Every journalist has found herself in some version of this situation: Bianca Vazquez Toness, a reporter for Boston’s WBUR public radio, drove about 40 minutes north of her office Tuesday to interview the controversial mayor of Lawrence, Mass. Only when she arrived did she realize she had forgotten her audio kit — recorder, microphone, cables, headphones, everything. Gah.
What she had brought with her, though, was her iPhone. She had no choice but to try using that to record or risk losing a big interview.
When I heard the piece that turned out on WBUR’s air the next morning, I had no idea — nor would I have believed — that a cellphone had captured the sound coming through my radio. Sure, I knew a phone could record sound, but not broadcast-quality sound.
Toness (a friend and former colleague) had ended up using a $30 app called Report-IT Live, which includes advanced tools for live broadcasting and phone interviews. Any software, including Apple’s free Voice Memos app, works just as well, however. To maximize the sound quality, she advised, don’t use the crummy mike built into the phone’s Apple-supplied earbuds, just the phone itself, and hold it close (very, very close) to the person talking.
During her interviews Tuesday, Toness was a professional using, essentially, amateur equipment. But it’s not hard to imagine an amateur journalist using the same equipment in the same way. The web turned everyone into writers; inexpensive SLRs and point-and-shoot digicams turned everyone into photographers. The smartphone “could be the technology that turns everyone into a radio reporter,” Toness told me. “All my colleagues now — they heard it, and they’re like, ‘Why do we carry these huge kits around?'”
Public radio people can be pretty snobby about audio quality — I can say that, having worked in public radio for five years — but, given the alternatives proliferating in the market, it’s getting harder to justify the expense and bulk of pro kits for field work. Judge the audio quality of Toness’ piece for yourself. And remember, as you close your eyes and turn up the volume in your noise-canceling headphones, that most listeners hear radio stories over a cheap FM set while making breakfast, getting the kids dressed, or driving to work. News producers may be snobby about sound quality, but consumers, generally, are anything but.
Toness is by no means the first reporter to experiment with smartphone-based reporting. A year ago, WTOP reporter Neal Augenstein packed away all of his equipment — laptop, recorder, cameras, and all — to become “the first major-market radio reporter to do all his field reporting on an iPhone.” Augenstein recently reported on his iPhone-only experience for PBS MediaShift (an account, for all you nerds, that’s chock full of equipment details):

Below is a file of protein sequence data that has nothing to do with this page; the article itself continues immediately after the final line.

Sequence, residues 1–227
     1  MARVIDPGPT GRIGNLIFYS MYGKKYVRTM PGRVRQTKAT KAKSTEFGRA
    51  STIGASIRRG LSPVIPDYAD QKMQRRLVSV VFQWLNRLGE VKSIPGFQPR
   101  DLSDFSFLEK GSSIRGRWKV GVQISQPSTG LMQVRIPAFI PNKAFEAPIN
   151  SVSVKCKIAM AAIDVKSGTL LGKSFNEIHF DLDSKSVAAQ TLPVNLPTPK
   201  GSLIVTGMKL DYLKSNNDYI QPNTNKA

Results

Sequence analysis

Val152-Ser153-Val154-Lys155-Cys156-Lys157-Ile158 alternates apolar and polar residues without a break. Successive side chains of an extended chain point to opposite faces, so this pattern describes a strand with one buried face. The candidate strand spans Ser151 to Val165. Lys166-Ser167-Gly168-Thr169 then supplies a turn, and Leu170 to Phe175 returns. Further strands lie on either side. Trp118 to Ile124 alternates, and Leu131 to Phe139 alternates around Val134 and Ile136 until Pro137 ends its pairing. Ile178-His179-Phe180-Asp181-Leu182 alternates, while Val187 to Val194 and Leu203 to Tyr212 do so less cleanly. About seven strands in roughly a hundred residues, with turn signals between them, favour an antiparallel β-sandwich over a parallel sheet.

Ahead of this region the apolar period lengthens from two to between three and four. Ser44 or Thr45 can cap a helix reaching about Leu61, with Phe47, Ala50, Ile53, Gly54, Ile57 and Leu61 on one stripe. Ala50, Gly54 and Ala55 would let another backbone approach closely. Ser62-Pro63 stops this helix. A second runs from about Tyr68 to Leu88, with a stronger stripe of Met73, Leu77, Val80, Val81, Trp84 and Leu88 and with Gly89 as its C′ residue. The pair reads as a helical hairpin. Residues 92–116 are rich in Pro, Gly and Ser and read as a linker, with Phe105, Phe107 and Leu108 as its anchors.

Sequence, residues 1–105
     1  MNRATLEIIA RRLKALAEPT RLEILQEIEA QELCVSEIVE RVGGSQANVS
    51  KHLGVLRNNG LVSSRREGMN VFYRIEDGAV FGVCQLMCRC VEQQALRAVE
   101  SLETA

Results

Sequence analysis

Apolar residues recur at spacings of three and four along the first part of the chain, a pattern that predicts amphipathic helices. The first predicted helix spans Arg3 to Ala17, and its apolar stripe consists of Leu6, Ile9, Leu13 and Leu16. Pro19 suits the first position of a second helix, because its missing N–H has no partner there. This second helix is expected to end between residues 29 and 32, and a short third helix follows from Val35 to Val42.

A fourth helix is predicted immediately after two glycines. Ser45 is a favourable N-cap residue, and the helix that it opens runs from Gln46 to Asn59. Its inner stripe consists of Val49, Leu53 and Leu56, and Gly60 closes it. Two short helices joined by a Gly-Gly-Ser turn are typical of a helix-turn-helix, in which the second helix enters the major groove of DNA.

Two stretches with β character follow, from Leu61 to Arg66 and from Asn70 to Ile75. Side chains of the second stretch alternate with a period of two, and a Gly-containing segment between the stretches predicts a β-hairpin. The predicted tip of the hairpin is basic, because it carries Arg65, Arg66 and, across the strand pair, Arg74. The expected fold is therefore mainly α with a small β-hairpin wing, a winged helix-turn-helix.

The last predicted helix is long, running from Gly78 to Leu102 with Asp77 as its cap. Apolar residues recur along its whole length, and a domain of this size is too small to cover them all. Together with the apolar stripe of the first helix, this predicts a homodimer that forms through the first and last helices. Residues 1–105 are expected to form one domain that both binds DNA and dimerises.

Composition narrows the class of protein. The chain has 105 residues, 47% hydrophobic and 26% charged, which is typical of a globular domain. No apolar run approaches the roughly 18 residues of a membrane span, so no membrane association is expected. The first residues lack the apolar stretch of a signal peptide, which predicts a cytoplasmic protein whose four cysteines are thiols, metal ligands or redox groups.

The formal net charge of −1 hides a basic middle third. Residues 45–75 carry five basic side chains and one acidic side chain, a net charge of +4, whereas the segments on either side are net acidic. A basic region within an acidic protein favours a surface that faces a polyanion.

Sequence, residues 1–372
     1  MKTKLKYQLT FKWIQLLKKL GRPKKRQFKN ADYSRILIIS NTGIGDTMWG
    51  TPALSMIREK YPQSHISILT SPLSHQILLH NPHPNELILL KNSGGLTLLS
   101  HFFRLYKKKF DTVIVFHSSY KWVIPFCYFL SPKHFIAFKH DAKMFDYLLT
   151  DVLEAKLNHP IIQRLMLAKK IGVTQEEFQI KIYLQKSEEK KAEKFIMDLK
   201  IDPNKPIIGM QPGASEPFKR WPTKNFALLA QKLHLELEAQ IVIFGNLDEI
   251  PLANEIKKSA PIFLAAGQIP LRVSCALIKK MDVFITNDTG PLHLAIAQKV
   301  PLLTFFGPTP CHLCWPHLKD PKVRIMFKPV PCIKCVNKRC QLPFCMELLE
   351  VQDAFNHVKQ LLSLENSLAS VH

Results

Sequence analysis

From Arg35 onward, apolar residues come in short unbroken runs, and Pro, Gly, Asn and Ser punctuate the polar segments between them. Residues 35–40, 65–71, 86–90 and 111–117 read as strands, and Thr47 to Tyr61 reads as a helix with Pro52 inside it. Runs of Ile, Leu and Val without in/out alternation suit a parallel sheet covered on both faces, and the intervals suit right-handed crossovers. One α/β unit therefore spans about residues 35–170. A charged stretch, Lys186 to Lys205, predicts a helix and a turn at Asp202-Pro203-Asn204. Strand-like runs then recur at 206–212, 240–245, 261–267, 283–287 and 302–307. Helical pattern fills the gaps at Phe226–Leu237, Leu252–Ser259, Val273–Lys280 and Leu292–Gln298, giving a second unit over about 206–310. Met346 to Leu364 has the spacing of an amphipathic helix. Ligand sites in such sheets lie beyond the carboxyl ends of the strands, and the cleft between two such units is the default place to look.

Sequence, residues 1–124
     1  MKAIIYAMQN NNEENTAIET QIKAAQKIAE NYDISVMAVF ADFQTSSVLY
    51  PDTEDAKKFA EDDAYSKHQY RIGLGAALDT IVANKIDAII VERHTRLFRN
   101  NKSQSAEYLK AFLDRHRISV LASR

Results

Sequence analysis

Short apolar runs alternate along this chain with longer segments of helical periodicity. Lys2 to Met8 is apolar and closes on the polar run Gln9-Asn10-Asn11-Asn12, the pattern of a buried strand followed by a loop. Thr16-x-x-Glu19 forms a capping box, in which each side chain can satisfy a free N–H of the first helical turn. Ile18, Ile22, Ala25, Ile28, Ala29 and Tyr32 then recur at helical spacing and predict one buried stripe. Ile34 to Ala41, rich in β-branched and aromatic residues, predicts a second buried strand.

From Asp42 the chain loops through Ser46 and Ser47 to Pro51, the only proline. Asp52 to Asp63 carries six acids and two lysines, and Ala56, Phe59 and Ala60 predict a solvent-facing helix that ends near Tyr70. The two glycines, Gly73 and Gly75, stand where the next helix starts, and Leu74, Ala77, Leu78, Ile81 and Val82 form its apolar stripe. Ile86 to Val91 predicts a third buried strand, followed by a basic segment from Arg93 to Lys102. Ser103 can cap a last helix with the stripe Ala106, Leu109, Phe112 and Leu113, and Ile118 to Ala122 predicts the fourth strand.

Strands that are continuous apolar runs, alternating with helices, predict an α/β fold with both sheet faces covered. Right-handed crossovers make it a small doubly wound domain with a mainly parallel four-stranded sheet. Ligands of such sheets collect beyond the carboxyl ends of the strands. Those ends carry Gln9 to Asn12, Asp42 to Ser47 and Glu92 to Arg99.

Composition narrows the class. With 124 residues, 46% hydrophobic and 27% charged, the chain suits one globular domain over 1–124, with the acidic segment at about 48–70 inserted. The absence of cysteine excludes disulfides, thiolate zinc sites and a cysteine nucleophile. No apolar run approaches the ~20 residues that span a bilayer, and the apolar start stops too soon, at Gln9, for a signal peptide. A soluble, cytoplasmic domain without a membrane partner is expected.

A year in, iPhone-only reporting isn’t perfect. While audio editing works great, with the phone’s built-in microphone I’d estimate the sound quality of my field reports is 92% as good as when I use bulky broadcast equipment. Getting better audio for my video is a real challenge. And if I ever have to cover a story from a subway tunnel or location where there’s no WiFi or cell coverage, I won’t be able to file until I resurface.
MediaBistro’s 10,000 Words recently published its own guide to the art of iPhone reporting. There are some good tips — switch on Airplane Mode to avoid interruptions, buy an adapter to plug in a real microphone — but the best advice is this: “Look like a legit journalist.”
Jerome Hubbard, a UC Berkeley journalism student, took the legitimacy question to the street — using his iPhone to record the video, of course. Can a reporter armed only with a smartphone be taken seriously? Hubbard’s unscientific finding was “yes.”
Said one man on the street:
I would take you seriously, Jerome, because you approached me very professionally. You’re very polite, you’re very kind. You asked my permission. You look like the journalist type. And you’re using modern technology.
So maybe professionalism is derived from old-fashioned manners, not the gear you’re slinging. (What’s that saying, the best camera is the one that’s with you?) And, besides, freedom from bulky gadgets may actually make for a better interview. All that equipment can be a hindrance, especially among sources who aren’t used to being sources.
“I actually feel like people were less intimidated or distracted by it,” Toness said of her makeshift recording kit. “Also, I don’t look quite as conspicuous on the street, which I like.”
There is an intriguing possibility that the entire production process can be executed on the road. At WBUR, reporters typically bring their sound back to professional engineers, who mix finished pieces. Even that can be done on a phone now. A $10 app called Monle is a four-track, non-linear audio editor for iPhone. And as Josh noted last month, the iPad can also be an all-in-one field kit with Apple’s GarageBand. That $5 app includes a fast, dead-simple, eight-track editor. A reporter in the field could conceivably record her interviews and voice tracks, mix a piece and send it back home, shoot photos and video, and, perhaps with the aid of a Bluetooth keyboard, type and file a script — all on one device that weighs less than two pounds.
Toness used her personal phone for the interview, an iPhone 4, since WBUR supplies its employees with BlackBerry devices. And now that they’ve heard her Lawrence story, she says, her co-workers are a little envious. “My colleagues said, ‘OK, when are we getting iPhones?'”